How interactive storytelling can explain complex natural phenomena


The role of museums is changing from being archival repositories of information to creating context and memories around the topics they are covering.This is both in response to audience demands and to the societal relationship with knowledge. With the increasing access to information through our pockets, museums and exhibitions are seeking to innovate the way their stories are told. Since some years interactive storytelling, where the visitor is a more active participant in the exchange of information, has been growing in presence in the exhibition space. The design of such interactive experiences for these stories opens up a whole world of possibilities. Through examples this article outlines how we use tangible interaction and argues that it creates more understandable and memorable experiences, especially when talking about complex natural phenomena. The goal of these designs is to change an end users perspective on something rather than just being a retinal afterglow created by the familiar confetti of modern technologies.


Tangible Interaction
We use tangible interaction as a tool that takes the visitor, their human behavior and the desired emotional experience as a starting point in designing interactions with installations. We design these tangible interactions with the goal to connect the story to the visitor, in such a way that the visitor becomes part of the story that is being told. When retrieving stories from an installation we avoid complex menu systems, but rather revolve our thinking around the story and the required visitor experience, and let that lead to how one could interact with it. We will address a few key principles when we use tangible interaction through a number of examples.


Lake Þingvallavatn is the biggest natural lake in Iceland. It is rich of natural life holding the biggest Trout to be found and four unique species of Arctic Char. A great example how nature shapes a single species into many. In this installation guests can browse the lake by means of haptic knobs and learn about its wildlife and geology.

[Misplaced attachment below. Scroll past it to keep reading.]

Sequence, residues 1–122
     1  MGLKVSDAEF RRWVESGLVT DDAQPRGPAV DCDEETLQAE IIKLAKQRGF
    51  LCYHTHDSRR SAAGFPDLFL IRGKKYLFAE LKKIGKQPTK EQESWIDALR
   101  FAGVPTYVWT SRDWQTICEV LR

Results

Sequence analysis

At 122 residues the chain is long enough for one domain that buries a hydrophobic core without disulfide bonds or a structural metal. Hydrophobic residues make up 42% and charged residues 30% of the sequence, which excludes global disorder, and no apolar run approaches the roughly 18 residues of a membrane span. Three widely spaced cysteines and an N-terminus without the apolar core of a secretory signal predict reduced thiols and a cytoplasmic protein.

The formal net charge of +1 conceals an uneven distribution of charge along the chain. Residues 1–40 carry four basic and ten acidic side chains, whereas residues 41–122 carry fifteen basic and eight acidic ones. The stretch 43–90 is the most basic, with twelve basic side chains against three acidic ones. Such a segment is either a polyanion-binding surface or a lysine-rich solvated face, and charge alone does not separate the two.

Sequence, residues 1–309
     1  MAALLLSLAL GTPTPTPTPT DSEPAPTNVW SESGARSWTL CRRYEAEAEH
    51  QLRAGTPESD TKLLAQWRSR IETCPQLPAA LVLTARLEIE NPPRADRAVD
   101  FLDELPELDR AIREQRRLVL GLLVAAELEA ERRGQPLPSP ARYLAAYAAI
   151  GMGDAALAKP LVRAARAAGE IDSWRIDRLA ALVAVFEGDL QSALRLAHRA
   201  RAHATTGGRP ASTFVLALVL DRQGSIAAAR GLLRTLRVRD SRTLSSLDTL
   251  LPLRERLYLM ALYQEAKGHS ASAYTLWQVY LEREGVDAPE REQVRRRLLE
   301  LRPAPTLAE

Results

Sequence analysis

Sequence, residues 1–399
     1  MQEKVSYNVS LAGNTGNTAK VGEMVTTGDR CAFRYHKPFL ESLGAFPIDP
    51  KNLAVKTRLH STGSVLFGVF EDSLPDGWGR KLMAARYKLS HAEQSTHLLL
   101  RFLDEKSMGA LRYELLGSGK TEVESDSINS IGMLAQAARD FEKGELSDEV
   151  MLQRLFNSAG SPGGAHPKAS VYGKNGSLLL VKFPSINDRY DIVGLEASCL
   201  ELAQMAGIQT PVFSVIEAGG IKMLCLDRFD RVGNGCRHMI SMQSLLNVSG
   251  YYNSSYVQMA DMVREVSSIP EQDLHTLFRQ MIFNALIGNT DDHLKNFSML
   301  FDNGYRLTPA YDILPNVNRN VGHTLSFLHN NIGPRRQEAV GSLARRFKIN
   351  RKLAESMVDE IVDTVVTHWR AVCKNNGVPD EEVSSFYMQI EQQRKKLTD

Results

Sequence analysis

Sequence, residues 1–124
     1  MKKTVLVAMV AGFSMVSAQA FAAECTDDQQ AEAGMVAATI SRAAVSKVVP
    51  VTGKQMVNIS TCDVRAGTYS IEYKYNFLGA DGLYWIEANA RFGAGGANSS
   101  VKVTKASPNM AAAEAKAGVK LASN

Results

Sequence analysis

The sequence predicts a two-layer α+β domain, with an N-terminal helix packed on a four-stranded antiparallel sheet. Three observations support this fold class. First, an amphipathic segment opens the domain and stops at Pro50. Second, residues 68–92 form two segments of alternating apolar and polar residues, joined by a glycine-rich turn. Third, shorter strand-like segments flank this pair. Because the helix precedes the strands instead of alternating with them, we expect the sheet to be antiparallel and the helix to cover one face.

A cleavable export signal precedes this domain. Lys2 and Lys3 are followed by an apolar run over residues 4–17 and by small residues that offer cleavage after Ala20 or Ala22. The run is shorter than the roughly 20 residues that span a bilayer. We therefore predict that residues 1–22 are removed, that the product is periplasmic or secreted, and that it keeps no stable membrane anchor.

Intuitive Behavior
If you look over the lake in the National Park of Thingvellir from a birds eye view you will most likely start pointing out things in the landscape. An expert would point out hidden treasures and explain where the ice age left its marks or how to recognise masses of lava reshaping the ways of the rivers. Not everybody has access to this birds eye view but the idea of pointing out things in a landscape is a very natural behavior. In the Thingvellir Lake installation we tap into this natural behavior and let the visitor point onto a vivid view of the Thingvellir Lake. The visitor performs this deixis by turning a haptic knob which is the virtual pivot point of a ‘spotlight’ that moves over the landscape.

We take this interaction one step further by revealing a hidden layer with underground streams and topographical data within this view as the visitor is pointing over the lake. We designed virtual haptic steps actuated via liquid metal within the knobs so the visitor will not only see, but also feel when there is an information spot to explore. As the visitor points the deictic line at an information spot, an animation opens up showing the information tidbit in an easy to understand isometric orientation, fitting with the view of the lake. In order get information from their point of view, the visitor does not have to recalibrate their bearings, but is rather guided by instincts which then leads to a smooth and memorable experience.


By exploring swamps, lakes and rivers with the help of a circular device they can find different lifeforms and even zoom in to the smallest of things by turning the rings.

Interactive Metaphor